In today's Tribune, there is this article about the judge's ruling concerning spot zoning:
Montana District Judge Wayne Phillips of Lewistown ruled Friday afternoon that the County Commission's rezoning of the plant site did not constitute spot zoning in an agricultural area.
Tim Gregori, Billings-based general manager for the Southern Montana Electric Generation & Transmission Cooperative, which is developing the project, was buoyed by the decision.
"I think that it just underscores that the county was very thorough in their process," Gregori said. "We will continue to proceed."
"Basically, he ruled against us on all counts," said Anne Hedges, program director for the Helena-based Montana Environmental Information Center, one of the plaintiffs in the suit. "It's quite likely we will appeal."
She said the group has lost before at the district court level only to prevail before the Montana Supreme Court. Some landowners near the project site also are in plaintiffs in the suit.
While Hedges was disappointed with the outcome, she praised Phillips for making a prompt decision.
"He acted expeditiously, as we asked him to do," Hedges said. "We just think he got it wrong."
Gregori praised the judge's conclusions.
Opponents of the coal-fired power plant, an $850 million, 250-megawatt facility, said in the filing that a power plant was not compatible with the area's rich agricultural nature. Phillips said the plaintiffs' best argument on spot zoning was that the rezoning would benefit one landowner at the expense of others. However, he said the project did not meet the other two criteria for spot zoning — that there was a change of land use and that the 668-acre site to be rezoned was a small part of the whole area.
Phillips said Cascade County's zoning already allowed electrical generation facilities in A-2 agriculture areas, as long as the project obtained a special-use permit.
Hedges said she believes that conclusion was reached through odd logic.
Gregori agreed with the judge's interpretation.
"We had reached the same conclusion," Gregori said.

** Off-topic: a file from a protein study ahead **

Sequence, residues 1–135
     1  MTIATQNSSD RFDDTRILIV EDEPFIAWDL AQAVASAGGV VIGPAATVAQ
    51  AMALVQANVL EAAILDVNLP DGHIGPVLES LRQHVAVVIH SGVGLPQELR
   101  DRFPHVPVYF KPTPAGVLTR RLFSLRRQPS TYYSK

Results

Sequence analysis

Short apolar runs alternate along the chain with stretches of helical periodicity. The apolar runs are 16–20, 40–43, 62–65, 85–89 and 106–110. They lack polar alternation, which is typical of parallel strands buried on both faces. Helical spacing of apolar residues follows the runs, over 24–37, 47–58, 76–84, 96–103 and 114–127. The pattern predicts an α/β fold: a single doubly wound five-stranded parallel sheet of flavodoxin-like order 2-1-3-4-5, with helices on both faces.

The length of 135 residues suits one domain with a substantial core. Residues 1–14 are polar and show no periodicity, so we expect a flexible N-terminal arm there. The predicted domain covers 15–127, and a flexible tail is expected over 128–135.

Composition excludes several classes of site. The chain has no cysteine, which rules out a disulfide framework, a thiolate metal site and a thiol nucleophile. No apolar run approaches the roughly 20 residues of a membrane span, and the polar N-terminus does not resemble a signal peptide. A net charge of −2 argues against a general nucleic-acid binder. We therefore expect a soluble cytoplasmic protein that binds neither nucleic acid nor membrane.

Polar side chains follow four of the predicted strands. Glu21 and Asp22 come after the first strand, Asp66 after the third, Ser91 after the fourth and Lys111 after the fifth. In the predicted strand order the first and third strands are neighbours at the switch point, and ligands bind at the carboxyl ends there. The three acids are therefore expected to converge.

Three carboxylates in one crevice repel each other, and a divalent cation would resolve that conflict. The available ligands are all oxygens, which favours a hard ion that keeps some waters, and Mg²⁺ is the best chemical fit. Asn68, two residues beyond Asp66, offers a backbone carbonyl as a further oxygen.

Phillips said heavy industrial zoning was required so the project site would qualify for special tax-increment financing, where all property taxes generated by new development in the area would go into a fund to pay for new roads, water and sewer lines, as well as other improvements.
Early construction work began at the power plant site eight miles east of Great Falls along Salem Road in mid-October. Gregori said he was at the site Wednesday when concrete was poured. The state Department of Environmental Quality recently took SME to task for starting construction too soon, but added that work would be allowed beginning Wednesday. The project has until Sunday to meet construction requirements of a state air-quality permit, including poring a portion of the plant's foundation.
Phillips referred to the deadline in his ruling, noting "a serious and consequential deadline looms."
Power plant developers have taken a roller-coaster ride in obtaining permits and fighting various appeals and challenges at the court and administrative levels. Aside from those skirmishes, the project also continues to seek permanent financing.
Opponents claim the plant would pollute the air too much and contribute to climate change. Supporters say the plant would broaden the county's tax base and be one of the country's cleanest coal-fired acilities.
In his ruling, Phillips said county commissioners did not ignore public comments, but acted "clearly and convincingly."
In a series of decisions, he ruled against the landowners' and MEIC's motion for summary judgment that would have decided the case in their favor. Phillips also refused to authorize several writs, or formal documents, on the plaintiffs' behalf.